When it comes to financial advice, it’s often what you don’t do for clients that makes the biggest difference, as Mark Story discovers.

Like so many baby boomers on the cusp of retirement, Brisbane-based couple Bruce and Beryl Williams (not their real names) had no idea if they would have enough to live on once they stopped working. With few debts, no kids, two full-time incomes, the house paid off – and savings tucked away – their approach to finances was more “she’ll be right” than strategic. Like most hardworking Aussies, the Williams were too busy earning a living to dwell on investment strategy. Besides, it’s only been in recent years that they’ve had enough investable assets to warrant the time and effort.

Meanwhile, an exponential rise in the value of their investments – due to the bull-market run – has made it increasingly obvious that they need help to manage their finances successfully. The Williams first realised they needed some help when, in 2002, model aeroplane enthusiast and private pilot Bruce (then 59) was bombarded with an assortment of investment packages, provided by his employer, Donaldson’s Dairy, in the lead-up to retirement. Bruce, more keen on flying his model replica Piper Cub out of the Loganholme model aeroplane club than poring over his investment strategy, decided it was high time he brought in the experts.

So he called his long-standing insurance agent, Gary Tupicoff, and asked him if he could recommend someone who did financial planning. Having just sold half his business to Certified Financial Planner (CFP) Neil Kendall, Tupicoff ’s initial response was: “Mate, you need look no further.”

(Kendall’s entry to the business completed Tupicoff ’s plans to transition from a commission-based agency to a fee-for-service financial planning firm.) While the Williams had a good grasp of financial matters and took an active interest in the markets, they lacked the confidence and know-how required to develop a comprehensive retirement strategy.

Defining moments

Bruce’s retirement was fast approaching, but he’d never stopped to answer some vital questions: How should I be working towards retirement, what should I be doing and, most importantly, can I actually afford to retire?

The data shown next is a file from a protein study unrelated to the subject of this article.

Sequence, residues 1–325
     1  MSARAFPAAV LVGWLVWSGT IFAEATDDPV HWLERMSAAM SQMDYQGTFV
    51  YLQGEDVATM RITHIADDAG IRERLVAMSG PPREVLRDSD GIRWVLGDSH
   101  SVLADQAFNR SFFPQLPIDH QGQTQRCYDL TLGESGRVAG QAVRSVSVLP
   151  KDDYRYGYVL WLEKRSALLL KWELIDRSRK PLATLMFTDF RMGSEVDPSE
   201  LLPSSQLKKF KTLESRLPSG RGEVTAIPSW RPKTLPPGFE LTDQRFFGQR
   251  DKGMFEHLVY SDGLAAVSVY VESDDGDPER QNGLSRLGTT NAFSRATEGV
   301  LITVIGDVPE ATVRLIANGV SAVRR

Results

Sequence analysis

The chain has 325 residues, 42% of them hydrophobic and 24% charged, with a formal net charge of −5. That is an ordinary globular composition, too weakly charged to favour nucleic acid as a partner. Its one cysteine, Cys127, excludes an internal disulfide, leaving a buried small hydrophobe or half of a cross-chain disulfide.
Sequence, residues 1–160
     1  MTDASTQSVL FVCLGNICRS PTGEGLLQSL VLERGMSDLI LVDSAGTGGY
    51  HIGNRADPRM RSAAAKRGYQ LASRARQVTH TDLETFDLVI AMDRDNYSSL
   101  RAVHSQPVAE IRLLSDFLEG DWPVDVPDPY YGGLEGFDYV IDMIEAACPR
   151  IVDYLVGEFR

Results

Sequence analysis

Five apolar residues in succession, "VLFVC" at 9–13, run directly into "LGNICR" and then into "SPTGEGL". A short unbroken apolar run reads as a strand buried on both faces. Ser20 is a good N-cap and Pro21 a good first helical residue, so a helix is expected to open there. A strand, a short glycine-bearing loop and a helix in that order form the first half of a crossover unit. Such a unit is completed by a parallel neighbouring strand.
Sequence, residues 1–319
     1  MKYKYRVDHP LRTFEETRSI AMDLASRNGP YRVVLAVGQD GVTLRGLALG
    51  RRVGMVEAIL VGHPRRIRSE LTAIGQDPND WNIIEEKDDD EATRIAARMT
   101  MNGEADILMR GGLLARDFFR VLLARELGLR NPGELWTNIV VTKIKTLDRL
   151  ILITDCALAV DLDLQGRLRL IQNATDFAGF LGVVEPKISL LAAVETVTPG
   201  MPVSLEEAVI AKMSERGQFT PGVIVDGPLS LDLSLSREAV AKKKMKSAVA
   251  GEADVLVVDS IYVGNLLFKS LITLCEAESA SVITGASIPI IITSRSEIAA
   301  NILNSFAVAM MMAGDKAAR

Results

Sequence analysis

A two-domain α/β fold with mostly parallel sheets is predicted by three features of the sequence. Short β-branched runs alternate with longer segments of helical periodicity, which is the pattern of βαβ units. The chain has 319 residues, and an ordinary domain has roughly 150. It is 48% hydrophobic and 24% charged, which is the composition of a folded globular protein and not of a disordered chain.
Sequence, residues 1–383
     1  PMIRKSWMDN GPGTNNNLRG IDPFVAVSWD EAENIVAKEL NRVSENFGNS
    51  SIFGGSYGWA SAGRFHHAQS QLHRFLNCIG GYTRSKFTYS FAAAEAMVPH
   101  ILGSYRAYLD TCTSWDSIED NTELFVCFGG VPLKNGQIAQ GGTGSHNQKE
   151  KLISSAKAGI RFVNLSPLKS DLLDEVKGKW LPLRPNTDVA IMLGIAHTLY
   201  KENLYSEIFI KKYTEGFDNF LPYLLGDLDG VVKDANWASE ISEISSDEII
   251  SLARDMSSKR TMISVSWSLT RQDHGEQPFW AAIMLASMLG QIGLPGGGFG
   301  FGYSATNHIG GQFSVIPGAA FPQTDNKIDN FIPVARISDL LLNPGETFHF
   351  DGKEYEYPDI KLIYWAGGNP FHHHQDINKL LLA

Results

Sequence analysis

“The first job was to project Bruce and Beryl’s income needs once they’d moved to retirement or part-time work; how the income would be received and how long it would last,” says Kendall.

Given that the Williams were far more interested in income and capital preservation than growth, Kendall’s primary goal was to implement some investment discipline around their existing super funds.

That meant consolidating a basket of Bruce’s existing super funds and term deposits into his Plum company super fund, where he was receiving employer contributions equal to 12 per cent of his salary. By doing this, Kendall managed to save Bruce an initial $7000, by maximising the tax benefits of the pre-June 1983 component. And by adding undeducted contributions, Kendall reduced tax by a further $7000.

“Neither Bruce nor Beryl really understood what fund consolidation could bring to the table in terms of tax savings,” says Kendall.

“By consolidating funds, we managed to reduce Bruce’s overall tax liability on a fairly sizable super fund to $3633.”

As a result of fund consolidation, Bruce ended up with a Plum fund worth $512,000 by late 2002. This was rolled over into an allocated pension two years later. Meanwhile, as Beryl was planning to remain in the workforce for some time yet, it was decided that her employer super fund would continue to tick over alongside a transition to retirement (TTR) Asgard pension, valued at around $300,000.

Cashing out